5 Numbers That Could Rattle the Recovery

A lagging housing market and rising fuel prices are adding to worries about the economy.

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It's no wonder that our confidence in the economy is at an all-time low. "Americans have been bombarded by new worries in recent days with the war in Libya, unrest in much of the Middle East, and the seemingly endless series of catastrophes in Japan," a recent Gallup poll measuring economic confidence reported. Add to that the weak job market, increasing fuel prices, and fierce budget battles in Congress, and it's clear the U.S. economy still faces serious headwinds on the road to recovery.

What should we brace for next? Here are some numbers worrying economists and Americans alike:

[See 7 Problems That Could Derail the Global Recovery.]

$14.2 trillion. That's the national debt, and it's growing at a breakneck speed of $58,000 per second. High and rising public debt can raise interest rates for consumers and slow economic growth. "If we continue to do this, we nearly guarantee every family that's trying to buy a home or buy a car sees a much higher cost," says Douglas Holtz-Eakin, president of the American Action Forum, a Washington, D.C.-based policy institute. "Family income stagnates, costs are going to rise, and that's the good-news version. It will be just like the financial crisis in 2008, but the recession will be even deeper."

[See How the National Debt Affects You.]

Higher interest rates aren't the only potential side effect of Uncle Sam's borrowing binge. Consumers could also see a weaker job market, higher taxes, and higher inflation down the road.

$3.68. Average fuel prices, currently hovering around $3.68, are up almost 86 cents from a year ago. Prices could go higher amid continuing unrest in the Middle East, and even hit $4 per gallon this summer, the U.S. Energy Information Administration says.

Higher gas prices put pressure on consumer discretionary spending. If Americans have to spend more to fill up at the pump, they'll have less to spend in stores, restaurants, and other consumption-driven industries that power the U.S. economy.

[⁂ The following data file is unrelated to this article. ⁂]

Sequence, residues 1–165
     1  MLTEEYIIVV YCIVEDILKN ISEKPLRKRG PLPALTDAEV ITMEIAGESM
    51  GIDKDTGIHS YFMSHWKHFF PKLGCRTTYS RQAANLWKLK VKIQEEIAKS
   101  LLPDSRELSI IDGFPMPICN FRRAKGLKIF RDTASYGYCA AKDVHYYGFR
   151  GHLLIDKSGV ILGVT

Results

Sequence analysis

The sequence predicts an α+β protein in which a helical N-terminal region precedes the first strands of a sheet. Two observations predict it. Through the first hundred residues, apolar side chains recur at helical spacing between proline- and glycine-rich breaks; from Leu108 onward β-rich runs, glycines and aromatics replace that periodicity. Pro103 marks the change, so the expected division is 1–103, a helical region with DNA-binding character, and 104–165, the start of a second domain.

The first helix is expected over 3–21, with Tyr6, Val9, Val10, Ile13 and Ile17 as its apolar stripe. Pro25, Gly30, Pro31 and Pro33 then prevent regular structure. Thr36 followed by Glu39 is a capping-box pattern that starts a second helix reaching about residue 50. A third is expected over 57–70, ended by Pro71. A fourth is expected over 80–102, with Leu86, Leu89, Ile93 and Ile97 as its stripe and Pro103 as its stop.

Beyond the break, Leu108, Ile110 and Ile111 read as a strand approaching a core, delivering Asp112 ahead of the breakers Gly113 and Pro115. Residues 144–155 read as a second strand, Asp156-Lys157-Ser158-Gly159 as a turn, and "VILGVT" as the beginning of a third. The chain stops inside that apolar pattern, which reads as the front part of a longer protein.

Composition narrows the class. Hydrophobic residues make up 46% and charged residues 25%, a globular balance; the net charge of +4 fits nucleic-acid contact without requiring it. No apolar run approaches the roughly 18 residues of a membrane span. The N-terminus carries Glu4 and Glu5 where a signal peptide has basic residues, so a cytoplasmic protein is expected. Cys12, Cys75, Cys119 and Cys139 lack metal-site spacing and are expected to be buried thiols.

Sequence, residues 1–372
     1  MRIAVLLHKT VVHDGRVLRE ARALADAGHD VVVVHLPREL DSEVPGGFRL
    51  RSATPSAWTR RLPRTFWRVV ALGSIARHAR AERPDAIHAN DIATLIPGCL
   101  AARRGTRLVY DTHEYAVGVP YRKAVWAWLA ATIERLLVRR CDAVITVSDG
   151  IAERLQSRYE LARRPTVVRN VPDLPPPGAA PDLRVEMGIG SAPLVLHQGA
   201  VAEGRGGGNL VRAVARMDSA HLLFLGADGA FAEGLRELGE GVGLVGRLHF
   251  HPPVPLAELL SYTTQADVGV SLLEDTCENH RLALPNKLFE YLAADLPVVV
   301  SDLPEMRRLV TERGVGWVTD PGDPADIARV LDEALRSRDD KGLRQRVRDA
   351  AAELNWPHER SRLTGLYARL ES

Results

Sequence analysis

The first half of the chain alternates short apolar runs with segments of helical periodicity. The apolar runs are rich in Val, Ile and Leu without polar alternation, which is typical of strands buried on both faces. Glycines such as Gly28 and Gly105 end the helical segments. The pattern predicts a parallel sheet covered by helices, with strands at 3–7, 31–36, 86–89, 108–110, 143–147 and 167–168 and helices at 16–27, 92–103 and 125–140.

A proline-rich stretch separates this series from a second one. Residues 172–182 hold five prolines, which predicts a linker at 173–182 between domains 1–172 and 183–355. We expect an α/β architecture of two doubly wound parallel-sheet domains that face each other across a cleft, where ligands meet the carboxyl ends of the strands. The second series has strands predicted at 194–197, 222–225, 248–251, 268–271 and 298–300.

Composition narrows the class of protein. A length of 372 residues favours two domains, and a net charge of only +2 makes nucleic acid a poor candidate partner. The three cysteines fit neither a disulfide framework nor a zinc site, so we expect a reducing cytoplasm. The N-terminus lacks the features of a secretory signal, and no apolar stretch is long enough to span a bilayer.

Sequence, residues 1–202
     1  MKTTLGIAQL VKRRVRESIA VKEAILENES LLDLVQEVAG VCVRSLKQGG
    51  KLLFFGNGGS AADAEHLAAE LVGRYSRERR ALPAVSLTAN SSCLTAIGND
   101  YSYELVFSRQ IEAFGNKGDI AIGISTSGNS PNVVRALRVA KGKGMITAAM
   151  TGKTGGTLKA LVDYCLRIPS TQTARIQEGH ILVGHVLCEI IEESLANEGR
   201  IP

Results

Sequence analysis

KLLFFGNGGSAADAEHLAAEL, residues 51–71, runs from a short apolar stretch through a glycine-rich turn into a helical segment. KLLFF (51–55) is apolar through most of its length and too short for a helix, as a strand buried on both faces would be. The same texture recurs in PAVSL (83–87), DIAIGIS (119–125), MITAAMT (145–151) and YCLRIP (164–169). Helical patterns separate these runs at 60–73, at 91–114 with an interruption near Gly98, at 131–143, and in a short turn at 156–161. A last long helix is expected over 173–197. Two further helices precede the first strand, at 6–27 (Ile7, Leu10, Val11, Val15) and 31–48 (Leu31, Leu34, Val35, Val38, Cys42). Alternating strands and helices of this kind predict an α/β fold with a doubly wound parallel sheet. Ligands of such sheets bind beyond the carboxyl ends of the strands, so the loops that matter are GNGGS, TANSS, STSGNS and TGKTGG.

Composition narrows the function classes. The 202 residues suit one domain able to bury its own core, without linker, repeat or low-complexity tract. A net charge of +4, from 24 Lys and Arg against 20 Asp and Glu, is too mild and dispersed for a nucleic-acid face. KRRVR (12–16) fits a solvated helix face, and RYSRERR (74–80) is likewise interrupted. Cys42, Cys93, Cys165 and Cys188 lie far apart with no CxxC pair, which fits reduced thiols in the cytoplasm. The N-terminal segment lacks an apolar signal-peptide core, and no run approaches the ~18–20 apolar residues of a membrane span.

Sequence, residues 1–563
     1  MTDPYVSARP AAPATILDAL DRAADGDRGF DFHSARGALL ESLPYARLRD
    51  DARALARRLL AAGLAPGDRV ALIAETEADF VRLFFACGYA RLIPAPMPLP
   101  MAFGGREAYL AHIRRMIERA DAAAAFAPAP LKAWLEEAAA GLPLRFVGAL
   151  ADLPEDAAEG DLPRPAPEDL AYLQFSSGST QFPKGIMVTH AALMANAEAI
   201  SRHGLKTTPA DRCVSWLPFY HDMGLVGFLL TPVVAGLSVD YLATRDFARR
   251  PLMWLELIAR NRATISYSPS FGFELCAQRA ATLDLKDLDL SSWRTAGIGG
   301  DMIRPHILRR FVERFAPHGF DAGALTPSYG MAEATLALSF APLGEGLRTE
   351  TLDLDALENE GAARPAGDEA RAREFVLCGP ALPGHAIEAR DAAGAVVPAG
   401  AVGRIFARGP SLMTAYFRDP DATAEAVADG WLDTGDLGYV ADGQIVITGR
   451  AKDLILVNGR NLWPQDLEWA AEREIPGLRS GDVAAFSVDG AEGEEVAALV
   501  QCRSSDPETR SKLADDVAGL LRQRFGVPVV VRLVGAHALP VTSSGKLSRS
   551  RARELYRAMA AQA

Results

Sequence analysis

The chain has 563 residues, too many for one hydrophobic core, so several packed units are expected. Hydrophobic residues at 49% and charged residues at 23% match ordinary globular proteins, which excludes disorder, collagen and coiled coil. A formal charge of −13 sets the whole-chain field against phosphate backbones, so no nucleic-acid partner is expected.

The price of crude oil directly relates to gas-price fluctuations. "Estimates are that for every $10 a barrel increase over the course of 12 months, it can impair economic growth to the tune of about two-tenths of 1 percent," says Mark Luschini, chief investment strategist at Philadelphia, Penn.-based financial services firm Janney Montgomery Scott.

[See What You Really Pay for at the Pump.]

That might seem like a tiny figure, but an economy growing at a sluggish rate of about 3 percent doesn't leave a large margin of safety, he says. "[0.2 percent is] not consequential enough to say 'Well, therefore, the economy is going to roll back into recession,'" Luschini says. But sustained price elevation or prices near the $125 or $130 per-barrel mark could stifle the struggling recovery, he adds.

8.8 percent. The national unemployment rate is slowly creeping down, but at 8.8 percent—a 27-year high—it's still creating significant drag on the economic recovery. Even grimmer is the percentage of Americans who are "underemployed," Luschini says.

[See Why Higher Unemployment Might Not Be a Bad Thing.]

Underemployment, which measures the number of part-time workers looking for full-time work, sat at about 19.9 percent in mid-March, according to a recent Gallup poll, nearly identical to the figure a year ago. Although more positive economic data may buoy job seekers' confidence in the long term, the short term is a different story. "What it means is that we're not getting the strength from consumer spending that you would normally expect to see under a swifter recovery in employment," Luschini says.

$157,000. Historically, a resurgent housing market has been a major driver in broader economic recoveries. That premise has been challenged this time around as median home prices—currently $157,000, according to the National Association of Realtors—have continued to slump. "Even though we have historically low or thereabouts mortgage rates and even though housing stock is plentiful and housing prices on an affordability basis are very inexpensive, we're not seeing that same phenomena occur," Luschini says. "People are uncertain about the future or are not fully employed, and that's contributing to why we're not seeing the same recovery in terms of housing this time through, as we've seen in previous cycles."